Another week in the books for my internship at the Seaport Museum. Monday was a big day because it marked the removing of the last of the documents from the Becuna. With all the material off, I was able to complete the intellectual assessment of the collection and fully develop how to organize the collection. After discussing my plan with Terry, we decided to keep the main format that I layout in the last blog but to separate the blue prints and manuals into their own series as well as the Olympia Association and the Independence Seaport Museum into their own. This new divisions make sense because they make the collection easier to navigate for researchers and allow each series to stand on its own instead of being combined with other similar but distinct parts of the collection.
Tuesday started with a break from my main task and revolved around doing work for the archives in general. We spent the morning moving a number of collections from the main storage in the archives to the secondary storage area in the basement and then bringing up a collection that was going to be processed. After about two hours of moving boxes, we then cataloged where the new locations of the collections in terms of unit and shelf so that they can be easily be founded when needed in the future. While not directly related to my processing of the Becuna collection, this task highlight the importance of space management when running an archives. This is because one has to control how much one has in the limited area but also must make sure that everything is where it is suppose to be so that it can be found and used by researchers.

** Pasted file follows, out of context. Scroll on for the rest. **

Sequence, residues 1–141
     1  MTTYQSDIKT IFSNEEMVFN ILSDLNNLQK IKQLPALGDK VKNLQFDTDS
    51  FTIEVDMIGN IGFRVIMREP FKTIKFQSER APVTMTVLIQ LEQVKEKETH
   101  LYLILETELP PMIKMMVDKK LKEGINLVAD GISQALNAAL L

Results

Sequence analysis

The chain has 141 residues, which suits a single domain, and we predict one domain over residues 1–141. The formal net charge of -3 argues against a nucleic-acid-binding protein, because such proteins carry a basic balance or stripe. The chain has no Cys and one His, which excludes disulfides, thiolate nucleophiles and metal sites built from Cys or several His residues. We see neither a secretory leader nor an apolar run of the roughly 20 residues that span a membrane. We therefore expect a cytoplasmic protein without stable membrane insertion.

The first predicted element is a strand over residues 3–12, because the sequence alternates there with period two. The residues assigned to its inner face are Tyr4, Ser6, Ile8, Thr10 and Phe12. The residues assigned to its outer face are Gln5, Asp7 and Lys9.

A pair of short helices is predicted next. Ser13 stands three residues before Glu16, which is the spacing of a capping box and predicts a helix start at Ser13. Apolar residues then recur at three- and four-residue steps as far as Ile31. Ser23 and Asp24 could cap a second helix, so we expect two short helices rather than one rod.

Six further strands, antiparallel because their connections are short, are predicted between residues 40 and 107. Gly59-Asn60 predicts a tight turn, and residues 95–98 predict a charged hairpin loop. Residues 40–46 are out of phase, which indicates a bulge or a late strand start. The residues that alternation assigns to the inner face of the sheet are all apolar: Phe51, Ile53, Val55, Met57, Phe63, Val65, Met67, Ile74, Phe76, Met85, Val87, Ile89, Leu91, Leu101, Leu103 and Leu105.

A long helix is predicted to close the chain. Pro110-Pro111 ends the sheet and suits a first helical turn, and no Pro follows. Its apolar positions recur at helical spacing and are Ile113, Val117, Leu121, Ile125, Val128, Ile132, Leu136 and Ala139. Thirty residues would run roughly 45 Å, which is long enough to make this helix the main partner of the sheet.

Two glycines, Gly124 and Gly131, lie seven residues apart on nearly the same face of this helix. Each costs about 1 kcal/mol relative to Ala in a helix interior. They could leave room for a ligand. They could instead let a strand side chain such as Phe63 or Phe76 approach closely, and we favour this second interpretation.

Once we finished this project, I began processing the Becuna collection, beginning with the blue prints. This will make up the first series in the collection. This process is a bit monotonous since it involves taking the blue prints out of their old diesel smelling folders and placing them in archival folders and then marking on the folder and a sheet the name and number of the folder. However, while it is not the most exciting part, it is the most importance because this will allow the collection to finally be used easily by researchers.
(Also I worked 19 hours this week and 13 hours the previous week)